Even a limited expansion of the minimal U.S. role is unlikely for the next several months and perhaps beyond, according to American and foreign officials.
“We could get dragged into this, no question, but we’re just not there yet,” said one of several senior U.S. officials who spoke on the condition of anonymity to discuss the complicated internal and diplomatic debates over Syria.
U.S. and other Western officials still predict that Syrian President Bashar al-Assad will eventually fall, but they said the 18-month-old conflict appears to be settling into a long war of attrition.
Against that bleak assessment, the Obama administration is resisting scattered calls in Europe and from the Free Syrian Army rebels to provide weapons and to establish an internationally protected humanitarian corridor or a buffer zone for displaced Syrians inside their country.
“The bottom line is that [such protected areas] would necessitate a no-fly zone,” a second administration official said. No humanitarian organization would enter Syria without guaranteed protection from air attacks and, the official said, “that would require taking out Syrian air defenses. This is a very slippery slope.”
This official and others insisted that all possibilities, including military intervention, remain on the table. “There’s not a thing . . . that we aren’t hotly debating,” he said. “There’s nothing that we haven’t turned up and down, looked at and scrubbed. We want to do more. But we’re putting that against what would be effective and in our interests.”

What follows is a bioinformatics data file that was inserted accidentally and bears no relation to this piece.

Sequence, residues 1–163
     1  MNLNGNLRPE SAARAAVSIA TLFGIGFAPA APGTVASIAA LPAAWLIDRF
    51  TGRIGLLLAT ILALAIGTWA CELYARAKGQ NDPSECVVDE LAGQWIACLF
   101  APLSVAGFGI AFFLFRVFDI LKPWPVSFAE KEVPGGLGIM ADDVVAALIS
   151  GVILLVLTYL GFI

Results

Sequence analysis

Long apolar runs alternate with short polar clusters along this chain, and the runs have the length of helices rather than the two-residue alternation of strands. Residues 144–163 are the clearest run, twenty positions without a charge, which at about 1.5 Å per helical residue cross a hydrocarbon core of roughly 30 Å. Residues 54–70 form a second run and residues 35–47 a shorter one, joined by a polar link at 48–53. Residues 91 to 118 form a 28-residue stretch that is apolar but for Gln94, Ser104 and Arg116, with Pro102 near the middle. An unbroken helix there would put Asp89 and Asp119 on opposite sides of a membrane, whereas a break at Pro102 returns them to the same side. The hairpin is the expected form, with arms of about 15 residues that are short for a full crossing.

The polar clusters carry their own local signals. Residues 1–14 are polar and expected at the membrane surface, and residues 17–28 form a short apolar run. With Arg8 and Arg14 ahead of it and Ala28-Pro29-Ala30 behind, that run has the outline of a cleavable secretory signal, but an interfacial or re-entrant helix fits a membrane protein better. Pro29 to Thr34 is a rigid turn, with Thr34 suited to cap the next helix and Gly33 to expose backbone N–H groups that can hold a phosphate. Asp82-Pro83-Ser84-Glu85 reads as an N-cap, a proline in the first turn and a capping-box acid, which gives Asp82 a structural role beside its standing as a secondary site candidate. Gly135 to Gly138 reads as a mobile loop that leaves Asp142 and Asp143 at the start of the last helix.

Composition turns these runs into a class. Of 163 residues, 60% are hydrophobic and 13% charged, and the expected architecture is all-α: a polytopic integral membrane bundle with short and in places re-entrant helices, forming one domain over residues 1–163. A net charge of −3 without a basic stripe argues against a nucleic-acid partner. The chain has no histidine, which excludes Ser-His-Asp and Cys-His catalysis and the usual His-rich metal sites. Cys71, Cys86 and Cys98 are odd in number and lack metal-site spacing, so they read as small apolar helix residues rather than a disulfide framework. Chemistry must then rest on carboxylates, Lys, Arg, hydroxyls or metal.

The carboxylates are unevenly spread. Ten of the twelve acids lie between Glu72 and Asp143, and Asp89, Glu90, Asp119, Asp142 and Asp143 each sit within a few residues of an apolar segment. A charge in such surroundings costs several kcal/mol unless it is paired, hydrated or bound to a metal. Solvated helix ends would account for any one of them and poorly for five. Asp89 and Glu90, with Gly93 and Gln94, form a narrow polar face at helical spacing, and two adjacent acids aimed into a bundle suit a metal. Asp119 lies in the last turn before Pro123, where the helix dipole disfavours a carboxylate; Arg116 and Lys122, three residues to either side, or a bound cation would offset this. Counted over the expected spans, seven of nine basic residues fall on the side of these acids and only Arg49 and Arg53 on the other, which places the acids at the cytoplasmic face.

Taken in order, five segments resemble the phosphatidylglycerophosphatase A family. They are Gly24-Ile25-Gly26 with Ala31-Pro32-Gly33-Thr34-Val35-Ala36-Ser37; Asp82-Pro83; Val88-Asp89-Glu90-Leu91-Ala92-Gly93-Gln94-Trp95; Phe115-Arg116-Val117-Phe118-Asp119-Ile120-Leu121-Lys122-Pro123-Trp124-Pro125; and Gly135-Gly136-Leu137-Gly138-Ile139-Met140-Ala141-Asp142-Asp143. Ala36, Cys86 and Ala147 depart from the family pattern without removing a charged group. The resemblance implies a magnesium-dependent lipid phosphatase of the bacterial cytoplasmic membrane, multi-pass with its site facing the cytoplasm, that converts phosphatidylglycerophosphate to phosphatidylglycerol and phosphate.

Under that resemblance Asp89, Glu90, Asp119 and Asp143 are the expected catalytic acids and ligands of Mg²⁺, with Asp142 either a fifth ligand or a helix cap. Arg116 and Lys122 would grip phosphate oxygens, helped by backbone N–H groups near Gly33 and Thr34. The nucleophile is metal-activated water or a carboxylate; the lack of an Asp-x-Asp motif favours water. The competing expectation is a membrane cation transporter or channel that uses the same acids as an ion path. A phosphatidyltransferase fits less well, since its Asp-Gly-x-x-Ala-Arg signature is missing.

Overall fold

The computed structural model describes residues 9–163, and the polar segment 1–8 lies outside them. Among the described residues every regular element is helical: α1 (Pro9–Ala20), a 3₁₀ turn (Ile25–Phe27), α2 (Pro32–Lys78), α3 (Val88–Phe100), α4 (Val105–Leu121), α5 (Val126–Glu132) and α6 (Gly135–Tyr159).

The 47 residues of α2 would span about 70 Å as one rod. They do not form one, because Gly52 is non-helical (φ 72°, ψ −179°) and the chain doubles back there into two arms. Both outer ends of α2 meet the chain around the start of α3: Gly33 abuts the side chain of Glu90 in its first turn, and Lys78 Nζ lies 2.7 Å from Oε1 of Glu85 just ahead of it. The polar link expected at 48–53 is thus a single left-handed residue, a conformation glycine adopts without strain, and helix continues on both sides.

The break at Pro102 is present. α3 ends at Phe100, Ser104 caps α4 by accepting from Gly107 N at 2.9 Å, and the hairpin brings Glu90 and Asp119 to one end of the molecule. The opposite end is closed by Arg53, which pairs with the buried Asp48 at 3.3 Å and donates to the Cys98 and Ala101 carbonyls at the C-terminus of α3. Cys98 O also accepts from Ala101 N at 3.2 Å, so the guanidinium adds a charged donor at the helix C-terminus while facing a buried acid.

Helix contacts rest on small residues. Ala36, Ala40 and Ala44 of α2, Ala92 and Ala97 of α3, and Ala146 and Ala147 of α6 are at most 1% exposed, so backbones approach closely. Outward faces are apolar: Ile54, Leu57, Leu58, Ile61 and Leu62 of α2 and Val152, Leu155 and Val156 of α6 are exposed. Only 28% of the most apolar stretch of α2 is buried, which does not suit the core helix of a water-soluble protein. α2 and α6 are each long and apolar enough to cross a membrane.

The rebels have taken territory and shown increasing military skill. But they are still no match for the heavy weapons of the Assad regime, and they are pleading for outside help.
In an interview broadcast Wednesday, Assad acknowledged the expanding scope of the war but predicted victory.
“We are fighting a regional and global war, so time is needed to win it,” he said on the pro-regime private TV station Dunya. “We are moving forward. The situation is practically better, but it has not been decided yet. That takes time.”
Variables for the U.S.
The administration, officials said, thinks that the rebels have made steady progress, using weapons taken from Syrian government forces and those provided and paid for by Persian Gulf states. But U.S. officials worry that any weapons given to shoot down Syrian planes or attack government tanks might fall into the hands of extremists within a rebel movement that has yet to unify around a workable and democratic plan for a transition after Assad’s fall.
“We worry that there is a higher degree of radical Islamist penetration in Syria, and we don’t want weapons falling into the wrong hands later,” said a third senior administration official involved in the planning for a post-Assad Syria.